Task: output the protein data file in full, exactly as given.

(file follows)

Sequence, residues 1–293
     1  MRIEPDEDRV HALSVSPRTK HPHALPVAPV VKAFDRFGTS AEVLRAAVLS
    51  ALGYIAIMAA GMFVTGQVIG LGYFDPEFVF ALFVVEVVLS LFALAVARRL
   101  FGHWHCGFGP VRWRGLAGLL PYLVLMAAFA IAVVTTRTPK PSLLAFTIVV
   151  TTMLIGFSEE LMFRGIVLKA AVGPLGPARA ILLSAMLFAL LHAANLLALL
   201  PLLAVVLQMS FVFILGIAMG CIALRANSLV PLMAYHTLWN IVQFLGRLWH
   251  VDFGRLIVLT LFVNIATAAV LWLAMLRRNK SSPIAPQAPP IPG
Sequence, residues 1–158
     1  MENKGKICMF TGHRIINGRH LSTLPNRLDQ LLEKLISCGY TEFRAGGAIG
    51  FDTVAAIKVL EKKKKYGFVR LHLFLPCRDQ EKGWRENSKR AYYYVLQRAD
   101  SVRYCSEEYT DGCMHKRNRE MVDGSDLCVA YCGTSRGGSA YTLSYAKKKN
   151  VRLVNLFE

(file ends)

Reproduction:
Sequence, residues 1–293
     1  MRIEPDEDRV HALSVSPRTK HPHALPVAPV VKAFDRFGTS AEVLRAAVLS
    51  ALGYIAIMAA GMFVTGQVIG LGYFDPEFVF ALFVVEVVLS LFALAVARRL
   101  FGHWHCGFGP VRWRGLAGLL PYLVLMAAFA IAVVTTRTPK PSLLAFTIVV
   151  TTMLIGFSEE LMFRGIVLKA AVGPLGPARA ILLSAMLFAL LHAANLLALL
   201  PLLAVVLQMS FVFILGIAMG CIALRANSLV PLMAYHTLWN IVQFLGRLWH
   251  VDFGRLIVLT LFVNIATAAV LWLAMLRRNK SSPIAPQAPP IPG
Sequence, residues 1–158
     1  MENKGKICMF TGHRIINGRH LSTLPNRLDQ LLEKLISCGY TEFRAGGAIG
    51  FDTVAAIKVL EKKKKYGFVR LHLFLPCRDQ EKGWRENSKR AYYYVLQRAD
   101  SVRYCSEEYT DGCMHKRNRE MVDGSDLCVA YCGTSRGGSA YTLSYAKKKN
   151  VRLVNLFE